Citation: American Journal of Veterinary Research 68, 12; 10.2460/ajvr.68.12.1376

Most of the malignant tumors expressed CD44, and in some tumors, CD44 was more abundant at the periphery of the tumor. Similar to results for melanocytomas, CD44 was found at the membrane of the cells, and staining was particularly intense in areas in which cells were organized in nests (data not shown). Again, no relationship was found between labeling for CD44 and versican or hyaluronan expression and between expression and cytologic characteristics of the tumors.

Expression of HAS and Hyal in canine fibroblasts and melanoma cell lines—To analyze the enzymes responsible for hyaluronan metabolism in canine fibroblasts and melanoma cell lines, reverse transcriptase–PCR assay for mammalian HASs and the main Hyals was performed on RNA extracted from primary canine dermal fibroblasts and CML-1, CML-10c2, and CML-6M canine melanoma cell lines.

Primary dermal fibroblasts and melanoma cell lines expressed HAS2 and HAS3 (Figure 5). There was no amplification for HAS1, even in nonrestrictive conditions. Although this was a semiquantitative technique, expression of HAS2 appeared to be higher than expression of HAS3.

Figure 5—
Figure 5—

Expression pattern of HASs and Hyals in canine dermal fibroblasts and canine melanoma cell lines. Total RNA was extracted from subconfluent cultured cells by use of an isolation kit and subjected to reverse transcriptase–PCR assay in a 2-step reaction with primers for canine HAS1, HAS2, HAS3, Hyal1, and Hyal2. Amplification of a fragment of GAPDH was used as an internal control sample. The PCR amplification products were resolved on 2% agarose gels (1% agarose gel for GAPDH), stained with ethidium bromide, and developed under UV light. Numbers on the right side represent the number of base pairs.

Citation: American Journal of Veterinary Research 68, 12; 10.2460/ajvr.68.12.1376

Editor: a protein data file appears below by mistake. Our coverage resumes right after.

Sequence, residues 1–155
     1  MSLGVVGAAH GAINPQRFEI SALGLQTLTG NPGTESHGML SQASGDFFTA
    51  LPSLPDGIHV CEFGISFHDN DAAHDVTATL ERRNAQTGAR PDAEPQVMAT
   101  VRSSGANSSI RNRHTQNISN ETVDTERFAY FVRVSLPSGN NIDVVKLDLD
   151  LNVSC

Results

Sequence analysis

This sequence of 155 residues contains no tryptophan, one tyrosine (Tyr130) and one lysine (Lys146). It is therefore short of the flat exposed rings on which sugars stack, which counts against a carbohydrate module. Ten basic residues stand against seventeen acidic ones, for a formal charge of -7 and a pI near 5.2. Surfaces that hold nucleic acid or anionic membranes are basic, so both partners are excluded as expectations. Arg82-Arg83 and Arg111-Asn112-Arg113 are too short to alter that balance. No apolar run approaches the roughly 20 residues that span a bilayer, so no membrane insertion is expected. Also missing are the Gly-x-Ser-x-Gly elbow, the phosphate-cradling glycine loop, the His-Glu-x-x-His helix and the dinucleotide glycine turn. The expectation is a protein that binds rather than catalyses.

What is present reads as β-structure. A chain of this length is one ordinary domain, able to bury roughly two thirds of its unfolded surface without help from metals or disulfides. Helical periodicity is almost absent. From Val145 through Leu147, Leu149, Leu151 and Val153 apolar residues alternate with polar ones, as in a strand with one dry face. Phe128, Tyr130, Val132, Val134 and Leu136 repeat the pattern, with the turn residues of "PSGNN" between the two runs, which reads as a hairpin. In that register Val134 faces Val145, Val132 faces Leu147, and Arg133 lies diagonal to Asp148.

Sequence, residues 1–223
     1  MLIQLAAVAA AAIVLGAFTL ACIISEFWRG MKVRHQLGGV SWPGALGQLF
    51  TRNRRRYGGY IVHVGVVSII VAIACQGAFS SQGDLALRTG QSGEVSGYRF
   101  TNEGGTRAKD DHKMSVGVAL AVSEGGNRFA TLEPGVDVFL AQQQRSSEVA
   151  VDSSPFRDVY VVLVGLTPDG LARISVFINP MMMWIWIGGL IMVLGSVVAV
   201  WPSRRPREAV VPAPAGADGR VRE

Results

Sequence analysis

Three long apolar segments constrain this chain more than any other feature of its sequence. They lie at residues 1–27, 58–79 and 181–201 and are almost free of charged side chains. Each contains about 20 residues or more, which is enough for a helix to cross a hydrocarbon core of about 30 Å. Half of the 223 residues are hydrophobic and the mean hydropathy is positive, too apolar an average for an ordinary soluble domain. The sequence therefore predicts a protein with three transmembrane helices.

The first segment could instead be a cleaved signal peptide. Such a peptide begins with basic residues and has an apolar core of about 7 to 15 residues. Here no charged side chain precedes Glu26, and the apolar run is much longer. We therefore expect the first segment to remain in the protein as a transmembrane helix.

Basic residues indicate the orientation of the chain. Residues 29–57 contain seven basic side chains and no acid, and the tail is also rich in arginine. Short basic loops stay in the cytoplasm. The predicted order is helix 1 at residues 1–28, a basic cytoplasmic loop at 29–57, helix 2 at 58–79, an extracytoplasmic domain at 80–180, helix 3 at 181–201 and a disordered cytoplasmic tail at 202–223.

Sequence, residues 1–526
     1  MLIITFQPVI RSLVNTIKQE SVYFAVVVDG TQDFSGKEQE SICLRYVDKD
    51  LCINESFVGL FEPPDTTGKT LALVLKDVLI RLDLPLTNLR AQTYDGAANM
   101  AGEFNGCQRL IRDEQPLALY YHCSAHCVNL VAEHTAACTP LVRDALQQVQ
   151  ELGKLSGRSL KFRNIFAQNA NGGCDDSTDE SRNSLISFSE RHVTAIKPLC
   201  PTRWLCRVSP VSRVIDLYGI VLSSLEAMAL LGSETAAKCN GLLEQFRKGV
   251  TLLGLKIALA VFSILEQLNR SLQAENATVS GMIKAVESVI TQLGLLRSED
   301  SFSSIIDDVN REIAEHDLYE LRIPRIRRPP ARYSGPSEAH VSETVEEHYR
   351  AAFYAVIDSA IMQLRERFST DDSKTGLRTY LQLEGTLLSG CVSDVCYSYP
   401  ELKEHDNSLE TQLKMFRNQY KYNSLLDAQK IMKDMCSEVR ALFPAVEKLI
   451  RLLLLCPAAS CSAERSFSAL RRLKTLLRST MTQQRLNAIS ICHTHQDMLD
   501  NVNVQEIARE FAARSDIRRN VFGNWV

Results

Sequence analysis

All tested cells in culture expressed Hyal1 and Hyal2, although a higher expression was evident for Hyal1. Expression for canine dermal fibroblasts also appeared to be higher than expression for canine melanoma cell lines.

Discussion

The main objective of the study reported here was to determine whether versican or hyaluronan (or both) could be markers for malignancy in melanocytic lesions of dogs, similar to the situation described for lesions in humans.14 A second objective was to define whether there was a common distribution of the 3 members of the extracellular-pericellular complexes formed by versican, hyaluronan, and CD44.

In the study reported here, we found that versican was not evident in normal oral mucosa, whereas it was found only in some hair follicles and around some blood vessels but not in the dermis and epidermis of normal canine skin. This was a more restricted location than in skin of adult humans in which versican has been found in the basal layer of the epidermis as well as the papillary and reticular layers of the dermis, in addition to the hair follicles.36,37 In contrast, localization of versican in hair follicles of dogs is similar to the situation in humans in which it has been suggested38–40 that versican may play an essential role in mesenchymal condensation and hair induction. Our results are compatible with those reported in humans, rats, and mice in which versican has been found specifically in the dermal papilla in the anagen phase as well as the connective tissue sheath surrounding the bulge region, which leads to the suggestion that versican gene expression throughout the anagen phase is necessary for the maintenance of normal hair growth.40,41 It is interesting that versican expression in hair follicles was more frequent and intense in follicles located in tissues adjacent to tumors, whereas most of the hair follicles in normal skin samples had negative results. This would suggest that versican may be expressed more in tissues subjected to remodeling conditions.